• Employee rating: 8
      • Manager rating: 7
employee wants5
Employee Wants
  • Help with personal problems
      • Employee rating: 9
      • Manager rating: 9
  • Tactful discipline
      • Employee rating: 10
      • Manager rating: 6
employee wants6
Employee Wants
  • By involving employees through the use of teams in meaningful work and by providing the proper reward and recognition, managers can reap the advantages of greater quality and productivity along with employee satisfaction.
achieving a motivated work force
Achieving a Motivated Work Force
  • Know thyself: Managers must understand their own motivations, strengths, and weaknesses.
  • Know your employees: Most people like to talk about themselves, therefore, the motivating manager will ask questions and listen to answers.
achieving a motivated work force1
Achieving a Motivated Work Force
  • Establish a positive attitude: A positive action-oriented attitude permeates the work unit. Managers are responsible for generating attitudes that lead to positive actions.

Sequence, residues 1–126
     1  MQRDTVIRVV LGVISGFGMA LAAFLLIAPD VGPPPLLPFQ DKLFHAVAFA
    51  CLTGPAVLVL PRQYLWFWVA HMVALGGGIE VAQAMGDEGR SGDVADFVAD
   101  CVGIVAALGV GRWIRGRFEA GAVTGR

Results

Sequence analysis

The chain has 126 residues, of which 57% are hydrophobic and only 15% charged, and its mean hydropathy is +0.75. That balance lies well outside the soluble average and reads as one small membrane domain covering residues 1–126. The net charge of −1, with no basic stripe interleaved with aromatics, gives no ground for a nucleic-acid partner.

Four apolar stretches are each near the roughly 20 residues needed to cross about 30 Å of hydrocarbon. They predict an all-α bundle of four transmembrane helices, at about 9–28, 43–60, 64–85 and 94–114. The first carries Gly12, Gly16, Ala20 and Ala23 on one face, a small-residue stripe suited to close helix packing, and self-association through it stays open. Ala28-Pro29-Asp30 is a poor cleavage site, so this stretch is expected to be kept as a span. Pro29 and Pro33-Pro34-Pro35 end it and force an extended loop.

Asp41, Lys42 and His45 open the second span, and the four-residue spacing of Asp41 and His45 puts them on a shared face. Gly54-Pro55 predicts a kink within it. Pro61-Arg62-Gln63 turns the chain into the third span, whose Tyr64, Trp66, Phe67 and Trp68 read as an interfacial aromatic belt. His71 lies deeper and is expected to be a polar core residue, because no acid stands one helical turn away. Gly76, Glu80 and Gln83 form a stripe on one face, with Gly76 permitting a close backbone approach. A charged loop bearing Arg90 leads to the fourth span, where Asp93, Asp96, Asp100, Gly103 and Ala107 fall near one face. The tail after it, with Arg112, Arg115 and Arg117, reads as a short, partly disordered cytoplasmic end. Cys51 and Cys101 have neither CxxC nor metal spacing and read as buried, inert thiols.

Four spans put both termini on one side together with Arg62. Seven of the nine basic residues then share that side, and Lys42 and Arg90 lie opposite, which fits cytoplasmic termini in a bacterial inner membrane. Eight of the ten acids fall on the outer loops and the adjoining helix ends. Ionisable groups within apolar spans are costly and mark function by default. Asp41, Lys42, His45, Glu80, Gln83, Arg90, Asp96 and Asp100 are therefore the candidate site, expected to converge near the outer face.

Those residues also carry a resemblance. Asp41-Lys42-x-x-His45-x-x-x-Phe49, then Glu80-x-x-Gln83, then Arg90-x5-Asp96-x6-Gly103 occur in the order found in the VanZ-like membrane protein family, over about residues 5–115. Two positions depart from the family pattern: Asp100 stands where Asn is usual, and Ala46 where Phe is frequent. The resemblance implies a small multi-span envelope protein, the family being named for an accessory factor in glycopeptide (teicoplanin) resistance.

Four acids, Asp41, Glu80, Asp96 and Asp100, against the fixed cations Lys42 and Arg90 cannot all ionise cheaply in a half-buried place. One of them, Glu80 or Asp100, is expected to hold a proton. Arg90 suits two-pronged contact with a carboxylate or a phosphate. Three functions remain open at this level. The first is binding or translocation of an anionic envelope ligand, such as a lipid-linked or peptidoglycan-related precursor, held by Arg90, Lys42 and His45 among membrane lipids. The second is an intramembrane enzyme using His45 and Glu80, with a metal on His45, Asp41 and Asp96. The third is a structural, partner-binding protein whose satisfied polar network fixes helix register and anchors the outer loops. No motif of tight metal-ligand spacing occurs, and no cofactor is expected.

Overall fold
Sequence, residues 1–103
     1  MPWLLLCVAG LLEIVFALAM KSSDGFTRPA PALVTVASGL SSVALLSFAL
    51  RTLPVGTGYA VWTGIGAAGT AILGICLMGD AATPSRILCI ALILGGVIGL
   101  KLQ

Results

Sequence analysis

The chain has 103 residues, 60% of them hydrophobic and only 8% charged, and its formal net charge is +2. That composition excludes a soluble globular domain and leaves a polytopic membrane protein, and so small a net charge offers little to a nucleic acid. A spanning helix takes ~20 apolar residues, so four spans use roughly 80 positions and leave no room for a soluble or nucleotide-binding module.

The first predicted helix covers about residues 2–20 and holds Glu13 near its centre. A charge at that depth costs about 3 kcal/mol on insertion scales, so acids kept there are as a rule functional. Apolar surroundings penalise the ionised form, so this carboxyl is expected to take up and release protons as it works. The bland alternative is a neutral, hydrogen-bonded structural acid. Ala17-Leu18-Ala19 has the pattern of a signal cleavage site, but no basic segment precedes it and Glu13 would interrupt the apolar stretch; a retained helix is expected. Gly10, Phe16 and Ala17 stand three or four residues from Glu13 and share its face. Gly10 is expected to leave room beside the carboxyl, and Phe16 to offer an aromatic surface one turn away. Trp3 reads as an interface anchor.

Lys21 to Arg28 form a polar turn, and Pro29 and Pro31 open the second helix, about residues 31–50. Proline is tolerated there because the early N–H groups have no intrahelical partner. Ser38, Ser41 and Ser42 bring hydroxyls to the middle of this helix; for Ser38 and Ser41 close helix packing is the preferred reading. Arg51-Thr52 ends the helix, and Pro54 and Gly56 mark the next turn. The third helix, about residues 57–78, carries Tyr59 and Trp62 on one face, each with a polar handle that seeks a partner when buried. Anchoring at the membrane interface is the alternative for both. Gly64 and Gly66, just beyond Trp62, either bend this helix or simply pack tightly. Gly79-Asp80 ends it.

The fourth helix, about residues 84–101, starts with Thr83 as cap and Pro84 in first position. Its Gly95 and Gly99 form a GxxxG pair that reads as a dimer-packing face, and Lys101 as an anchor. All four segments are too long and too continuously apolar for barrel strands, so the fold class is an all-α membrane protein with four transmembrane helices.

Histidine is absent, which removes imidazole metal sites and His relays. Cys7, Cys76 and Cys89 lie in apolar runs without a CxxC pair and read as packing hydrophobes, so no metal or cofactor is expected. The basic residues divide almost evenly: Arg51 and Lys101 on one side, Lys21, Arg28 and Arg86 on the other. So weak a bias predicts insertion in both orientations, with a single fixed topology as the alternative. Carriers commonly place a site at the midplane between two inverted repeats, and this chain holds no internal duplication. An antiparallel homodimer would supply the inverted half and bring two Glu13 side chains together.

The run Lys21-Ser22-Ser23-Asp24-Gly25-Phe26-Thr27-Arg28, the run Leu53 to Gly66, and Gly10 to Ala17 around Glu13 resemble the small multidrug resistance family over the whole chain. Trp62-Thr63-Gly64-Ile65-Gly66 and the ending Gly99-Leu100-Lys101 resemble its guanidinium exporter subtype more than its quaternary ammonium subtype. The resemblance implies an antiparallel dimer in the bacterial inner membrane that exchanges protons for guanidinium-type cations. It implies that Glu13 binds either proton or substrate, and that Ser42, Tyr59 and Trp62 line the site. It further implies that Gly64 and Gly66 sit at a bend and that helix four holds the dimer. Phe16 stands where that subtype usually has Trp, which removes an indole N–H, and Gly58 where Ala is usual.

• Share the goals: A motivated work force needs well-defined goals that address both individual and organizational needs
achieving a motivated work force2
Achieving a Motivated Work Force
  • Monitor progress: The process of goal-setting should include a road map detailing the journey with periodic milestones and individual assignments. Managers should periodically review performance.
  • Develop interesting work: Managers should consider altering the employees’ assignments by job rotation, job enlargement, and job enrichment.
achieving a motivated work force3
Achieving a Motivated Work Force
  • Communicate effectively: Effective communication provides employees with knowledge about their work unit and the organization.
  • Celebrate success: Recognizing employee achievements is the most powerful tool.
benefits of employee involvement
Benefits of Employee Involvement
  • Employees make better decisions using their expert knowledge of the process.
  • Employees are more likely to implement and support decisions they had a part in making decision.
  • Employees are better to spot and pinpoint areas for improvement.
  • Employees are better able to take immediate corrective action.
benefits of employee involvement1
Benefits of Employee Involvement
  • Employee involvement reduces labor/management friction by encouraging more effective communication and cooperation.
  • Employees are better able to accept change because they control the work environment
  • Employees have an increased commitment to unit goals because they are involved
empowerment
Empowerment
  • Employee Empowerment
  • Empowerment and Motivation
employee empowerment
Employee Empowerment